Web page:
Kuala Lumpur

The final stage of our trip back in April (Yes April, we’ve been busy and have not posted lately, more on that to come) included a quick 24 hours in Kuala Lumpur (KL), Malaysia. We spent an incredibly hot day touring some of the major city sites including the beautiful Petronas Twin Towers.


Petronas Twin Towers as seen from our hotel room window.


A taking in the night view from below the Petronas Twin Towers in Kuala Lumpur.


Our two travel companions, Bs Godfather and Dad, waving hello from below.


PTT Park at night


A and B throwing up deuces at the Petronas Twin Towers.


The Petronas Twin Towers as the sun rises for a hot day in KL.


The view below from the Petronas Twin Towers skybridge.


Bs father inside the Petronas Twin Towers (KL Tower in the background).


Aerial view of KL.


A posing for a shot inside the Petronas Twin Towers.


Learning how to use some of the modern technology inside the Skybridge at the PTT.


Looking down at the heart of KL.


Little India KL.


Little India and the KL Tower in the background.


B and A spreading the love for KL.


A on the streets of KL during a beautiful afternoon.




Temple in KL.


Canal running through the streets of KL.


Following our excursion in Beijing we journeyed south to the small yet beautiful country of Singapore. We stayed in the heart of the capital, Singapore, and enjoy two days of R&R. Highlights of the trip included a stay at the famous Marina Bay Sands and a swim in the rooftop infinity pool looking out over the city.


First view out to sea from the Marina Bay Sands


Group picture from the deck at Marina Bay Sands.


Dad posing atop the Marina Bay Sands with the island soccer field below and some clouds out in the distance.


Downtown Singapore, the island pitch and part of the F1 track in.


A and Dad swimming on the edge.


Singapore skyline as seen from the Marina Bay Sands at night.


Night swim and the Singapore Skyline.


It was very calm in the early morning but already the temperature was very hot.


Pictures from our run around the harbor.


A perfecting her stride in front of the silhouette of the Marina Bay Sands.


Fullerton Square.


Daytime view of Singapore from the edge of the Marina Bay Sands.


A taking in the view and catching some rays.


B swimming in the infinity pool at Marina Bay Sands.


Our traveling partners taking a break to relax in the pool and checkout downtown Singapore below.


B achieving celebrity status at the Marina Bay Sands.


As has become custom, checking out Chinatown in other countries. Singapore’s version is quite nice and full of great food.


Chinatown in Singapore.


Hindu Temple in Chinatown.


Temple and the skyline.


View of the Botanical Gardens from MBS.


MBS as the sunsets, looking like it came straight out of Star Wars.


View of the MBS from the Botanical Gardens.


Beautiful light show set to music at the Botanical Gardens.


Night view of the MBS.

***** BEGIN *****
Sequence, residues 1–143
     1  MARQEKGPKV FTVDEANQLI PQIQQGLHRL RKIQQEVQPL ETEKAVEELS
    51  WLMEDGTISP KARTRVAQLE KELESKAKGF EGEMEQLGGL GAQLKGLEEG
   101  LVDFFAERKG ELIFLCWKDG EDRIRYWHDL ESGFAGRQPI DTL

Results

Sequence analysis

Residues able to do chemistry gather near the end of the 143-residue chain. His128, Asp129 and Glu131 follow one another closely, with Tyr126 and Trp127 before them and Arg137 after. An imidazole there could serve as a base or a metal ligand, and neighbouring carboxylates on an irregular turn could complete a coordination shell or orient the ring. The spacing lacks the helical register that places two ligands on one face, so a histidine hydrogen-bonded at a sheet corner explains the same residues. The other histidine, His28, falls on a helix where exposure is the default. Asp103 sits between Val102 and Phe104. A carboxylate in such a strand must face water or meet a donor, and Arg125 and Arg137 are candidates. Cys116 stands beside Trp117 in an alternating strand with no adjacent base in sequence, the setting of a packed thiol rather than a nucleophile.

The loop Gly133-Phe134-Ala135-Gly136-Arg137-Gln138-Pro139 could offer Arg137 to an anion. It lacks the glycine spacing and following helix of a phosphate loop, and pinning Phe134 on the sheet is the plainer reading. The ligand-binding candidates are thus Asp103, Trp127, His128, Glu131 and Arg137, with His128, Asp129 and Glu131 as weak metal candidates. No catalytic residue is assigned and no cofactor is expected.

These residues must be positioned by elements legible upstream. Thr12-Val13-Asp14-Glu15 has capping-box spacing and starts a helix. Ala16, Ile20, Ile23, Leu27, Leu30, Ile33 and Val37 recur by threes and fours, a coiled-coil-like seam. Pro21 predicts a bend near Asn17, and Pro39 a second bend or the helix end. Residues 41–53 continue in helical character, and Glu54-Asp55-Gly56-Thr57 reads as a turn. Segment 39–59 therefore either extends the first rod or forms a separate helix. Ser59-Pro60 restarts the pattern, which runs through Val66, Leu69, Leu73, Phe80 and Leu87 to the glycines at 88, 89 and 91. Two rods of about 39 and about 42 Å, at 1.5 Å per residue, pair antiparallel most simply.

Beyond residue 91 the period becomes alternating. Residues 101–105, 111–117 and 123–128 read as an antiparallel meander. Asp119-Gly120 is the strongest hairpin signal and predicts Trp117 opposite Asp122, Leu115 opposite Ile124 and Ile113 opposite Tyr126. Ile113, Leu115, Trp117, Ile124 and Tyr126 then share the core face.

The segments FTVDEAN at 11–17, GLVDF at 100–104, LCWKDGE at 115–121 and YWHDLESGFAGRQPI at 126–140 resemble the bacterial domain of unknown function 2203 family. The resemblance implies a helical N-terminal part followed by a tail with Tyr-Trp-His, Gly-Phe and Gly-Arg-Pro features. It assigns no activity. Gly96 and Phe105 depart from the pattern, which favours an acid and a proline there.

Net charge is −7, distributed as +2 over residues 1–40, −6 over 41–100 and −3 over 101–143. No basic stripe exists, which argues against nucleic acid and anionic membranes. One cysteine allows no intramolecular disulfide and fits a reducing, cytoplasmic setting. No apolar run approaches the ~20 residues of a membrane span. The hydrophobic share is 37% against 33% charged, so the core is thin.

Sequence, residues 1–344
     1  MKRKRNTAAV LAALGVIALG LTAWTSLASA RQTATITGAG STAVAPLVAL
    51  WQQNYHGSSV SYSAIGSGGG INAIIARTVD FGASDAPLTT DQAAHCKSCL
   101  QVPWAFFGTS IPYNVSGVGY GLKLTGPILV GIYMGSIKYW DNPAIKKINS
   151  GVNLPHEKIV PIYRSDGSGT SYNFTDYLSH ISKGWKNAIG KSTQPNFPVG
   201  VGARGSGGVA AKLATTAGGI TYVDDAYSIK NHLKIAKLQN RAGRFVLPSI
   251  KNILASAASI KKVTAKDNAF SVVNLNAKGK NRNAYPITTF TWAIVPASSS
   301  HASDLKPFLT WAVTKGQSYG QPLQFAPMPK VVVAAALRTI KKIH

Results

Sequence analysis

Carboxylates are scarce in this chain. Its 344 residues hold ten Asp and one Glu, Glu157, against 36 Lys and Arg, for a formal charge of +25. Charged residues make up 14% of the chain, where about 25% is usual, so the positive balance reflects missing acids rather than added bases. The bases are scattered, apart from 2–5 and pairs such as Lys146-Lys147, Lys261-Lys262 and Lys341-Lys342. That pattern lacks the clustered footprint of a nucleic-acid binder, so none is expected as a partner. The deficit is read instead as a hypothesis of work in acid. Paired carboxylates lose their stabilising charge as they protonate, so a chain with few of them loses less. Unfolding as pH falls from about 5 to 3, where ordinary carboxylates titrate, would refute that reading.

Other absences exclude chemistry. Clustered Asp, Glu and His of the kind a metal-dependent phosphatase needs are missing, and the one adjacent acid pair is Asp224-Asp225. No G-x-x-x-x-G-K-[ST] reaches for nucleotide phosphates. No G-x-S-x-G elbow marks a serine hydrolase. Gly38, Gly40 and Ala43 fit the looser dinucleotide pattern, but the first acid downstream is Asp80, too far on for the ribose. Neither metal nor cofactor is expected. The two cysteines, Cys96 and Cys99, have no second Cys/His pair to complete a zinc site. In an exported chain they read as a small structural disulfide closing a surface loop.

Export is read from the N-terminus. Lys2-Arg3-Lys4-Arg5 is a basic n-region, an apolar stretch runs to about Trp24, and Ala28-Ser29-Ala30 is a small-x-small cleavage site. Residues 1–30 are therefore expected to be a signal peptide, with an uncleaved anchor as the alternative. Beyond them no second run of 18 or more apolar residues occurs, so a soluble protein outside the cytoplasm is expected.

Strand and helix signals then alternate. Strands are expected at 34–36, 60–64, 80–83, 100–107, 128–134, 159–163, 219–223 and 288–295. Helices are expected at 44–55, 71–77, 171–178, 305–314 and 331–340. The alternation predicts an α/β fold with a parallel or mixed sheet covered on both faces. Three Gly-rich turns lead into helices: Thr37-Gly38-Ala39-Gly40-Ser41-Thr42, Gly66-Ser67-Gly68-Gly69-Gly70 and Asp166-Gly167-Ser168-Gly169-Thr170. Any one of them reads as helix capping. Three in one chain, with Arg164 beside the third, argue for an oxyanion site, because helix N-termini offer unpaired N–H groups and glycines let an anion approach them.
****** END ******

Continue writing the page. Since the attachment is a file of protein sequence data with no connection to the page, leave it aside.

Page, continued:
Backside of the MBS at night.


Harbor walk in Singapore.


Strolling the harbor as we head to dinner.


A posing for a picture in front of MBS.


Major laser.


Laser show from MBS projected across the harbor.


Perfect view of downtown Singapore.


Swimming on the edge.


One last look at the infinity pool at MBS.


The Great Wall Part III & Central Beijing

Our first excursion, with our out of town guests, on our capital city tour of Asia was to visit Beijing 北京. For the third time this year we ventured north to see both the Great Wall and the capital of China 中国. We departed from Shanghai 上海 early in the morning landed in Peking just before noon. We hired a driver to take straight from the airport out to the Mutianyu portion of the wall. The skies opened up, the temperature increased and it was a gorgeous day to hike on the wall.


The first look of the Great Wall for Bs father. Always a plus to have the flag blowing in the wind.


Distinguished gentlemen ascending to the top of a tower.


Break atop the tower so we can test out the selfie stick.


On guard! Who goes there?


Group shot along the Great Wall.


Revisiting the tower we camped in.


All lined up along the wall.


Taking on the Great Wall. Bs father hiking along the path like a young guard.


Shot through the doorway.


A and Bs Dad taking a break at the top.


The picturesque view of the Great Wall.


Self of B and A alpine sliding down the Great Wall.

After venturing down the Great Wall we headed to central Beijing. We took the night to explore noodles in the city and walk some streets. The next day we visited the world famous Forbidden City and Tiananen Square. We also stopped at the Temple of Heaven before boarding our return flight to Shanghai.


A first look at Tiananmen Square for Bs Dad.


Posing before the Forbidden City.


Father and son at the Forbidden City.


It was a hot and crowded day at the Forbidden City.


One of the many temples inside the walls of the Forbidden City.


A canal running through the inside of the Forbidden City.


Our guests posing with a few other people.